People collect antiques for many different reasons. I treasure old stuff like many folks, yet appreciate it more for history sake than the material object itself. Knowing who owned an item makes it talk to me, especially after I’ve performed sufficient background research.
One of my favorite antiques to collect are medicine bottles. While it’s near impossible to say who the original owner of an old bottle is, the person formerly owning the drug store can be identified. Before 1920, most medicine bottles were embossed with the druggist’s name.
An example of such being a bottle I came across with W.A. D’Alemberte – Druggist – Pensacola, Florida embossed on the front panel. Most folks would assume Mr. D’Alemberte was a Florida native. Research showed that not to be the case.
Willoughby Augustus D’Alemberte was born in Mobile, Alabama on August 26, 1854. Willoughby’s father, William, was in railroad construction. The well-to-do businessman had a contract to build a railroad from Whiting, Alabama (now Flomaton) to Pensacola, Florida. Mr. D’Alemberte and family moved to Whiting from Mobile because of such.
William D’Alemberte’s project was finished before the Civil War began. The family then moved to Pollard, AL. After the war ended, D’Alemberte was given a new contract to rebuild railroad lines destroyed by Union soldiers.
One of these contracts entailed laying new track from Mobile to Decatur for the L&N Railroad. When this work began, the family traveled to Greenville, Alabama where young Willoughby first attended school.
When Willoughby’s mom became seriously ill the family pulled up stakes once again relocating to Pensacola, Florida. His mom was under the care of Dr. Wonderise, a renowned surgeon in the area. William D’Alemberte remained behind in Pollard tending to his business. Unfortunately he passed away from a heart attack not long after the family left.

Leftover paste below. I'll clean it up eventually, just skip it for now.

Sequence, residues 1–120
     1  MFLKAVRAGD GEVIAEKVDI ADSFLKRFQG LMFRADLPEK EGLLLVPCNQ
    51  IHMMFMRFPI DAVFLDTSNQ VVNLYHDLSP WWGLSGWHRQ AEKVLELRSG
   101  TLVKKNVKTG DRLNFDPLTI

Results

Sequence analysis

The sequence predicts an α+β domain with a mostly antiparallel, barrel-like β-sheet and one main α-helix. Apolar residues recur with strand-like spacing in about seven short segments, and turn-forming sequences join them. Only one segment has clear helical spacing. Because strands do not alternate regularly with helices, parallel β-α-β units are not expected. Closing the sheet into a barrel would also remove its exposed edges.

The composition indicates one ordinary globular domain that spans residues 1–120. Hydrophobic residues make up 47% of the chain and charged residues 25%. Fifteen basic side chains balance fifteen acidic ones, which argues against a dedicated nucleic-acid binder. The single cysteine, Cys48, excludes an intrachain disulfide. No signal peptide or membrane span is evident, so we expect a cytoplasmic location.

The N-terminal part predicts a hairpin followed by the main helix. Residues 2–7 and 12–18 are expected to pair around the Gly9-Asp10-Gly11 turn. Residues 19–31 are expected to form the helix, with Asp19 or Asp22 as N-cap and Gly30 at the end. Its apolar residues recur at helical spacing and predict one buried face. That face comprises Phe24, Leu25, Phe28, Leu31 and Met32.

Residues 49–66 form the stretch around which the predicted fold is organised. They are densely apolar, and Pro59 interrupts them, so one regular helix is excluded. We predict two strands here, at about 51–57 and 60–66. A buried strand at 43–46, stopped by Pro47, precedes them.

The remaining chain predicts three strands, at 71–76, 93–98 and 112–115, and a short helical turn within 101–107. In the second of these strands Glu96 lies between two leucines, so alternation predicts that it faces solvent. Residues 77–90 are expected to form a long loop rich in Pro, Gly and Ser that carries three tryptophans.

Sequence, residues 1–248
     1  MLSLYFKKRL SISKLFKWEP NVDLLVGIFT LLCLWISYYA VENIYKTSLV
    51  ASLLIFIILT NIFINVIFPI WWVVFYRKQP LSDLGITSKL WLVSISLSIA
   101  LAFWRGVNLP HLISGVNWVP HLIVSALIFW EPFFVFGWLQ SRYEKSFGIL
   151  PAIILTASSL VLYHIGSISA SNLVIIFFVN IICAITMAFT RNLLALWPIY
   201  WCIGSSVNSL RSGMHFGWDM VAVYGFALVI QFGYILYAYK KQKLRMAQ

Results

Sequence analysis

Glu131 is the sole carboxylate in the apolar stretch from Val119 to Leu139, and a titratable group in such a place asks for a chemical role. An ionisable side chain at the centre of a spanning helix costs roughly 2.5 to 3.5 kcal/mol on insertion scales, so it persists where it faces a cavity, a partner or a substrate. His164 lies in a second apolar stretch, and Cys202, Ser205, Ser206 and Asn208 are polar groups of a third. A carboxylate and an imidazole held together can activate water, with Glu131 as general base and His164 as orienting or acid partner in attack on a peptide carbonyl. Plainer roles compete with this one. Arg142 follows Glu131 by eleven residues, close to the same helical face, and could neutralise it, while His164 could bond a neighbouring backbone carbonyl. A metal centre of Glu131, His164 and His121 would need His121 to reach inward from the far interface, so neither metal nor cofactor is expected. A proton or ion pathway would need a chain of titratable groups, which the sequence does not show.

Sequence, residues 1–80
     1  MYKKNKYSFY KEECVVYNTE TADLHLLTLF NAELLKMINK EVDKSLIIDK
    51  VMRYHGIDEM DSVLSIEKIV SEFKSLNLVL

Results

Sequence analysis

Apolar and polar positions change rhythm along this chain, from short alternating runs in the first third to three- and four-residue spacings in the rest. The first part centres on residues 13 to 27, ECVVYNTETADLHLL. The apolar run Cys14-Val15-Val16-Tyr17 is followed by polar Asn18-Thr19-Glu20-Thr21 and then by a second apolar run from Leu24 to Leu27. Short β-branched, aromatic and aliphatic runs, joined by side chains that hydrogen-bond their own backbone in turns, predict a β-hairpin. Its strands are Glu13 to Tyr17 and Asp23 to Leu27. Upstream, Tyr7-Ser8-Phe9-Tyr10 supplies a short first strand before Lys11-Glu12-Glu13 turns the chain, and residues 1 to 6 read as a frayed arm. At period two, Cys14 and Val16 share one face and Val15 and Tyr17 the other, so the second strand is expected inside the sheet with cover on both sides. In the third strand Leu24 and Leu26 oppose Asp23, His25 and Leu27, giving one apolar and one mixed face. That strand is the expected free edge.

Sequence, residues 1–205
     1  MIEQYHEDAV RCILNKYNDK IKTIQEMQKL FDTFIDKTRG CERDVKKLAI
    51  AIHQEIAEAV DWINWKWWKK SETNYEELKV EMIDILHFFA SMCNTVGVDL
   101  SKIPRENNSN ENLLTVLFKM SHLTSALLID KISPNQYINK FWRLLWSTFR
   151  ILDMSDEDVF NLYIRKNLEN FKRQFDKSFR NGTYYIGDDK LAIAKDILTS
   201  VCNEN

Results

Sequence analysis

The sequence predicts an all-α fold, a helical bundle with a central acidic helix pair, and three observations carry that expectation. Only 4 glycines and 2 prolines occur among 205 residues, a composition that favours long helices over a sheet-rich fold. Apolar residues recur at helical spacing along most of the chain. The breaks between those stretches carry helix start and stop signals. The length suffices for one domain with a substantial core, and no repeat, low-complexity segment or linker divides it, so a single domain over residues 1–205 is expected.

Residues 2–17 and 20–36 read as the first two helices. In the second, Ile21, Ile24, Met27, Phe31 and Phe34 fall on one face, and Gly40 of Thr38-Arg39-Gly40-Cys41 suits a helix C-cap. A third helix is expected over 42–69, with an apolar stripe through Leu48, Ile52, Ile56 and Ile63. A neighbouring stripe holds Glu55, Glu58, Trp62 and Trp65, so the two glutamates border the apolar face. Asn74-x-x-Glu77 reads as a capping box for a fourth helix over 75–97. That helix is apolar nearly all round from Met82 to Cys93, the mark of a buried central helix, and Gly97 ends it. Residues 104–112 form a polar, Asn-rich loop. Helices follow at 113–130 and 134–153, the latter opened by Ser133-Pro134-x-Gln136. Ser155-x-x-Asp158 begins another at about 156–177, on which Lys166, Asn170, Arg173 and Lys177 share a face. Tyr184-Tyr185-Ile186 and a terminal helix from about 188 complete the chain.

Willoughby remained in Pensacola with his mother, brother, and sister. He studied medicine eventually opening his own drug store. Willoughby D’Alemberte lived in Pensacola for 50 plus years. He died January 3, 1920, at the age of 65. The successful druggist is buried in St. Michael’s Cemetery.
I found Willoughby’s early life interesting because I was born in the Pensacola area. My family relocated to Alabama six months later. There’s an Alabama-Florida connection in both our lives.
Finding medicine bottles from your home town or city is possible. In most cases they can be inexpensive to own. Ebay’s a good place to start looking. The Pensacola bottle I talk about in this article set me back $10.00 including shipping.
Over the years I‘ve come across medicine bottles from all areas of Alabama, yet none from Lamar County. The closest I’ve found is one from Fayette. That’s where my brother was born so it’s special to him.
When I hold an antique medicine bottle in hand I can’t help but wonder,
“What drug was inside and who was it for?”
Only the doctor, druggist, and customer can answer that question. Unfortunately for my inquisitive brain all have left the room!